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Updated 16 September 2005

Vision and Framework for Strategy and Planning
Published August 2005




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Approach 4: Increase International Cooperation

Given the global nature of global climate change, and in recognition of the contributions being made by others abroad, the CCTP seeks to engage other nations—government to government—in large-scale cooperative technology research initiatives. Such cooperation can prove beneficial to the success of U.S. technology development initiatives, through leveraging of resources; partitioning of research activities addressing large-scale and multifaceted, complex problems; and sharing of results and knowledge created.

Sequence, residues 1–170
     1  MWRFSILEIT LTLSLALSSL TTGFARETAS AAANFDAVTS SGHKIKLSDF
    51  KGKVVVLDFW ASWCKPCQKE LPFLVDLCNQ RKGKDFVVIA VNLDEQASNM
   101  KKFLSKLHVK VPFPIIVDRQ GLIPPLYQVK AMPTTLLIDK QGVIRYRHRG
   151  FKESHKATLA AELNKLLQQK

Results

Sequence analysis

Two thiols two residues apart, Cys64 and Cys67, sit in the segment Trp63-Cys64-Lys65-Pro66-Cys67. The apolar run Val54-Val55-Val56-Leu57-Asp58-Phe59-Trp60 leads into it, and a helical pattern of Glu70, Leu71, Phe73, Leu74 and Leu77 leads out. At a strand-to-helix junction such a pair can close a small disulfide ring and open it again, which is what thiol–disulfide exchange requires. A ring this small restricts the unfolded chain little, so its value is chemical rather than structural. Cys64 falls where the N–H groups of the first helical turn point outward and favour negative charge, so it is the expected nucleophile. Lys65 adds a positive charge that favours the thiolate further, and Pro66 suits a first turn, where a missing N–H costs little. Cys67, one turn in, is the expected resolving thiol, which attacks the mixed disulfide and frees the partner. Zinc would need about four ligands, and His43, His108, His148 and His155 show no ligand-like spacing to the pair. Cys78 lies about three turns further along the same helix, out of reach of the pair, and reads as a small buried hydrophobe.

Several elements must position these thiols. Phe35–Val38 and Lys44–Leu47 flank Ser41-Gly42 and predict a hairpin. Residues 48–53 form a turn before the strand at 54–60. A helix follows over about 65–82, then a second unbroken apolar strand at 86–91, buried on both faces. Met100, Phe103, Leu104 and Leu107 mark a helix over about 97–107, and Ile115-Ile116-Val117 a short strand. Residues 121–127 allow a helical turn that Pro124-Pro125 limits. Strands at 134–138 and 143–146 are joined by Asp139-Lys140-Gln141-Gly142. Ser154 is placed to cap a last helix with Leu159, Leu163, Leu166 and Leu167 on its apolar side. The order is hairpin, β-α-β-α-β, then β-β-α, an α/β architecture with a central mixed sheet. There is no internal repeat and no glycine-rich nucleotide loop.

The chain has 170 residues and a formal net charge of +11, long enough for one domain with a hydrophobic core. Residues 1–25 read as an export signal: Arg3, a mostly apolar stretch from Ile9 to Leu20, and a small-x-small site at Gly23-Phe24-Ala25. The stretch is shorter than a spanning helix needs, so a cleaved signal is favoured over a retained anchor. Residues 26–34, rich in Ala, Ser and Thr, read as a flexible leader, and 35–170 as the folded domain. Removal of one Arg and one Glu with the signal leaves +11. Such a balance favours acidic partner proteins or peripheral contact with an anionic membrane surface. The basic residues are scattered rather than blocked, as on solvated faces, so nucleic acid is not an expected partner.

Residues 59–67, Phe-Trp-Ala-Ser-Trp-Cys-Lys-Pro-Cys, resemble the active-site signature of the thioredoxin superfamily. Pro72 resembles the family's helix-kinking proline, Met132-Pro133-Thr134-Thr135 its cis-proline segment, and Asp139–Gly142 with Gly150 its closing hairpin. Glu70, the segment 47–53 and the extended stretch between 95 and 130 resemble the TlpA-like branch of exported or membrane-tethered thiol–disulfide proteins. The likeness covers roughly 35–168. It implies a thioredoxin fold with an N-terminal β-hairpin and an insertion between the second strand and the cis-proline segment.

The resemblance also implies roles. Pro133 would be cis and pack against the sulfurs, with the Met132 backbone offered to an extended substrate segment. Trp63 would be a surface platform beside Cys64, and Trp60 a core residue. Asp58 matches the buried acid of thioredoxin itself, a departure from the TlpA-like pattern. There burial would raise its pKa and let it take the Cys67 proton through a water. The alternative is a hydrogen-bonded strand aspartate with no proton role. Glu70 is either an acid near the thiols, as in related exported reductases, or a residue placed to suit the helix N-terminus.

The U.S. Government participates in a variety of multilateral cooperative arrangements that provide a variety of benefits, including the prospect of reducing greenhouse gas emissions. Among these are the Generation IV Nuclear Energy Systems Initiative, International Partnership for a Hydrogen Economy, the international Carbon Sequestration Leadership Forum, the International Methane-to-Markets Partnership, and ITER22 (an international project to develop fusion as a commercially viable power source.)   In certain areas of climate change technology R&D, such as advanced wind turbine design and nuclear fission and fusion energy research, many advanced technical capabilities reside abroad as well as in the United States. Since 2001, the United States has engaged in bilateral partnerships with Australia, Brazil, Canada, China, seven Central American countries, the European Union, India, Italy, Japan, Mexico, New Zealand, Republic of Korea, Russian Federation, and South Africa to explore the next generation of civilian nuclear power technology.

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